BLOCK SIZEshould be 4000. Well, okay, this one was my own fault. I knew by this point that Block Size needed to be a multiple of LRECL and I just wasn’t pay attention and kept it set at 5100. Your Block Size can be different if you want, as long as it divides evenly by 80.
RECORD FORMATthis should be set to FB (fixed block), not VB (variable blocks) for reasons that should be obvious giving everything described above. Getting this wrong created some really interesting chaos on compile. At first it looked like z/OS COBOL compiler was just a little more anal about indentation than GnuCOBOL is, but after a couple rounds of fiddling with the indentations I realized that the compiler was ignoring line breaks, producing the following errors:
Once you’ve got those settings right the only other thing to remember is to specify as your
Data set name type to PDS for Partitioned Data Set.
And away we go!
Yak 03: Line Commands -vs- Command Commands
Data set properly allocated it’s time to start writing some COBOL.
On the main option menu select 2 to edit your data set and fill in the
Type values of your new dataset. Then enter in a file name on the line for
Member and a blank file will open.
If it says “X Protected” when you try to edit the file, go back to the last screen and select the box that reads “Edit on Workstation”
If you have messages on the top of the file you can clear them by typing
reset into the Command prompt on the bottom, but that will also clear all your empty lines. Not a big deal right? You’ll just move the cursor to the end of the “Top of Data” heading and hit Return.
Except that’s not how you create new lines in ISPF. The editor has two columns, the first on the left with the red text is a margin. As you type out your program it will auto-populate with line numbers. But it’s also where you type in line commands. Remember when I said that ISPF was quirky you had to make sure you were typing the right command in the right place? This is what I was referring to. When you want to create a new line break in ISPF you do not enter a command in the main command prompt, you go to the line directly before where you want the new line and type
i anywhere in that red margin. Then you hit return and ISPF will create a new line and restore whatever the value of the margin was supposed to be.
Well let’s write up our test COBOL program with some errors and fix them with ISPF:
If I tried to compile this program it would error because the indentation is wrong. Certain things go in certain columns in COBOL. Things like division headers (IDENTIFICATION and PROCEDURE) need to start at col 8, here I started at col 4. So I need to shift all my lines over by 4 spaces. Luckily there’s a line command for that. I can type in
)4 to shift an individual line or
)) on the first line I want shifted followed by
))4 on the last line I want shifted to move over the whole block.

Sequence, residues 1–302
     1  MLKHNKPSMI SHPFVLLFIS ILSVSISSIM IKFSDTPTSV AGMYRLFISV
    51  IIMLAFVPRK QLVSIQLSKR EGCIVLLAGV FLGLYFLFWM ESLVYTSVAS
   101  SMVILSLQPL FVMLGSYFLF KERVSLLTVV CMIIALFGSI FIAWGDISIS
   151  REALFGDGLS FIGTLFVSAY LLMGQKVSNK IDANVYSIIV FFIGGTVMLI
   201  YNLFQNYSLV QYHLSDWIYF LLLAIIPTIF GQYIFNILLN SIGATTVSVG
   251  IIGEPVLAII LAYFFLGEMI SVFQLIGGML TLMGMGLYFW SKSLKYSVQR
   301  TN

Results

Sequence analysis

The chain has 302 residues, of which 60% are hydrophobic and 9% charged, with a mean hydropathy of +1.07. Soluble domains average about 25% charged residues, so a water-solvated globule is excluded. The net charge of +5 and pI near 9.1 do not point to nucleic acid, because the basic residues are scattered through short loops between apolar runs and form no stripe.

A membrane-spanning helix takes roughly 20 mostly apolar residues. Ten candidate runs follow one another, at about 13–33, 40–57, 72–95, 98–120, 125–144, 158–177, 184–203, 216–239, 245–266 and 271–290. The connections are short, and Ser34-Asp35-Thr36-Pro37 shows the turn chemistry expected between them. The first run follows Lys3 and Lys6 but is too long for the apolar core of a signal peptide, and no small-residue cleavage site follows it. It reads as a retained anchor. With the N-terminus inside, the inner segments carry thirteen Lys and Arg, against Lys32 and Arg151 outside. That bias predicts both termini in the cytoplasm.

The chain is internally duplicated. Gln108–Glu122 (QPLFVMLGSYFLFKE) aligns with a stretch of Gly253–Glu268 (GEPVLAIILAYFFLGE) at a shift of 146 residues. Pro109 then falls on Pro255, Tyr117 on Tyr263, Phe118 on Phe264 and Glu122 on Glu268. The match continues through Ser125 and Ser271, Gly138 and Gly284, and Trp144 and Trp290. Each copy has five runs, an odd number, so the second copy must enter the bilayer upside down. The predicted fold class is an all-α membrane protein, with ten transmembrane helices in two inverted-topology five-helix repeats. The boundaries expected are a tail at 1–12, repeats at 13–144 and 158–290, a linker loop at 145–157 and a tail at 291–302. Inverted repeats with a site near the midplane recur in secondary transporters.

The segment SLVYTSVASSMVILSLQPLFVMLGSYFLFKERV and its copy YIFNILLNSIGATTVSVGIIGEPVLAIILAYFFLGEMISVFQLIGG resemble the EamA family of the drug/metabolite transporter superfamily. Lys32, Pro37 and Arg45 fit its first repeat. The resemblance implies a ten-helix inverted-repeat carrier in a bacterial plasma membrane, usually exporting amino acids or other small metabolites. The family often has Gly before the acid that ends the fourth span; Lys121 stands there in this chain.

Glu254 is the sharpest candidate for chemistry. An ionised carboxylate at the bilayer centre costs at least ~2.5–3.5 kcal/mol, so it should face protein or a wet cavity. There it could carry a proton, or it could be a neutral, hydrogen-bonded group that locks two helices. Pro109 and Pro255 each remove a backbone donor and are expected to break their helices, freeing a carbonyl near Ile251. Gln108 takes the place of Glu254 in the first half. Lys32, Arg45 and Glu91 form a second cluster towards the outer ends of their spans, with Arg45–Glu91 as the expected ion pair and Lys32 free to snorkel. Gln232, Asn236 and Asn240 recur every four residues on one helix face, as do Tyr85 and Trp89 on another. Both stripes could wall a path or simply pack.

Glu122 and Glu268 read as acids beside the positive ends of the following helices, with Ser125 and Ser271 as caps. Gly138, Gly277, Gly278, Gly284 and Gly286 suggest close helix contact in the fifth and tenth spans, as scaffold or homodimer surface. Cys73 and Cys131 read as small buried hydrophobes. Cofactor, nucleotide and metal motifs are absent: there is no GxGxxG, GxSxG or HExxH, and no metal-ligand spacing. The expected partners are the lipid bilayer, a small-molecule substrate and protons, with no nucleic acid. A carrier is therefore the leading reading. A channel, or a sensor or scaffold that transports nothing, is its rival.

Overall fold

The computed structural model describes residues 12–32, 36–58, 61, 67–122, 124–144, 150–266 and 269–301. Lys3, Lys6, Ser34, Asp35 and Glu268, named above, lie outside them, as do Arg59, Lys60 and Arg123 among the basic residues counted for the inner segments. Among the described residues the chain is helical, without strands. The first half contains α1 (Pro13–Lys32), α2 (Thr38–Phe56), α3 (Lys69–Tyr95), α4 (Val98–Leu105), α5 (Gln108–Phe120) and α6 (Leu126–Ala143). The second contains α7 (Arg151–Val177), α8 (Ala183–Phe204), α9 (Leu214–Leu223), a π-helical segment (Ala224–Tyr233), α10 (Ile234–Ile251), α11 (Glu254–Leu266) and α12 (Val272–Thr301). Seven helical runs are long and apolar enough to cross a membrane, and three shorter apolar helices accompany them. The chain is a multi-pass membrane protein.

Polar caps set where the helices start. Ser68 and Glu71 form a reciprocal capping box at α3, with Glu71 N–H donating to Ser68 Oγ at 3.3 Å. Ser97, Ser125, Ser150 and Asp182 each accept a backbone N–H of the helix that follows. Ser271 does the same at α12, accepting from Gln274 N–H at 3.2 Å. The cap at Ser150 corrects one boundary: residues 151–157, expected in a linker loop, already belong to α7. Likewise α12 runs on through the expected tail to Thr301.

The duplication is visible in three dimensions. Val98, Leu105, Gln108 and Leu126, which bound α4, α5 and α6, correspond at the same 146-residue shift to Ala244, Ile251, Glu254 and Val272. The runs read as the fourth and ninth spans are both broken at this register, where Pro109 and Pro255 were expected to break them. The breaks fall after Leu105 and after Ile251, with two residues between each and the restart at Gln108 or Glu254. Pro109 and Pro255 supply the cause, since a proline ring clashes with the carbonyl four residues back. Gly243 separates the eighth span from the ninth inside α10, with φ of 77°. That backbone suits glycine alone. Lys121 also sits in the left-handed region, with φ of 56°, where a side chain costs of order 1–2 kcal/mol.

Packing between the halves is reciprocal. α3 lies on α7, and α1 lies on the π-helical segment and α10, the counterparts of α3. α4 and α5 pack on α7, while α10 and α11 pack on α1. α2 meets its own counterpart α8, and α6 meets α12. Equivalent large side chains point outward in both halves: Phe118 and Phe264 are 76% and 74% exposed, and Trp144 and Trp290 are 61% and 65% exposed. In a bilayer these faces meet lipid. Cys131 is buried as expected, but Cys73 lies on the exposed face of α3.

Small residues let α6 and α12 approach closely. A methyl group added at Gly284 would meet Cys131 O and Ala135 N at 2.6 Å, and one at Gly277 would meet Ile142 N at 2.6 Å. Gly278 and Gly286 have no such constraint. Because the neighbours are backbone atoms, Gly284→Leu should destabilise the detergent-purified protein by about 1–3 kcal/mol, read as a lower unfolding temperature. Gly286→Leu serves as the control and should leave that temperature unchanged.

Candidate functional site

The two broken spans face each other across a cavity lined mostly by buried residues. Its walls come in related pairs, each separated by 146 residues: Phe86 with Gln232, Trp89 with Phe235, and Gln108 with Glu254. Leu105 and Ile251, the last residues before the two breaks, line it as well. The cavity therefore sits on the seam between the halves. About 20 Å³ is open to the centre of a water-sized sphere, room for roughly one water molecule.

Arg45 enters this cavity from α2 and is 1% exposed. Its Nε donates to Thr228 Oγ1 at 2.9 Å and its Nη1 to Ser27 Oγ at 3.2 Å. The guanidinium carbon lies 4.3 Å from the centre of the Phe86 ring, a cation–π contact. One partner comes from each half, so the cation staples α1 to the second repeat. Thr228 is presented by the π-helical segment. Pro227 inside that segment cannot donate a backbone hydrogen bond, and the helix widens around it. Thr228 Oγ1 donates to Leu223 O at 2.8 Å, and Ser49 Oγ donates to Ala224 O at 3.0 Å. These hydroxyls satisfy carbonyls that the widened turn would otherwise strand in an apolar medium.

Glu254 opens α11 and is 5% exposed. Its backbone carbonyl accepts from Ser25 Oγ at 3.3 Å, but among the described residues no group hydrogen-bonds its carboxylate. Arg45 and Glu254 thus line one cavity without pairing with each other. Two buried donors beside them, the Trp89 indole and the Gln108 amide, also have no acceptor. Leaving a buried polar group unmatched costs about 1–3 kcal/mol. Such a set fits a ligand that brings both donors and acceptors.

We also can’t call our program ‘Test’ (presumably that word is reserved) so we have to change it to something else. Unfortunately I have not figured out a good way to insert characters in the middle of a line. I’m having trouble believing that there is no way to do this other than retyping the whole line over, but I haven’t been able to figure out what the command for it is. For the time being I’ve been using the
change on primary command prompt which allows you to do a find and replace. Entering
change TEST HELLOW will do the trick.
There are more line commands and primary commands in ISPF than I have time to detail. See this write up for a nice list.
Yak 04: Compile, Link, Load
It’s probably not fair to refer to z/OS as legacy, but it definitely retains some legacy paradigms which take some getting used to. When it comes to compiling and running a program you have to tell the mainframe to do each step, it assumes nothing, whereas modern development tools tend to default towards automating the steps you’re most likely going to want to do together and adding flags to break things out if that’s desired.
The traditional way of doing this on z/OS is using IBM’s Job Control Language (JCL) which is something like the bash of mainframes. In fact every shred of documentation will focus on how you do things in JCL, ignoring the interface that ISPF provides for such tasks.
We’re not going to use JCL here. Or rather, we are going to use JCL but we’re going to let ISPF generate it for us. We’re going to do it this way because JCL is pretty obtuse looking at first glance and we want one less yak to shave in this process.
There are three steps we need to do to run what we have now in our data set. First we need to compile it. z/OS’s COBOL compiler will take our code and turn it into what’s called an Object Deck (a callback to the old days when your compiled output was punched out on a deck of punch cards). To do that we’re going to use the z/OS Foreground compiler for COBOL (or option 4.2 from the main menu)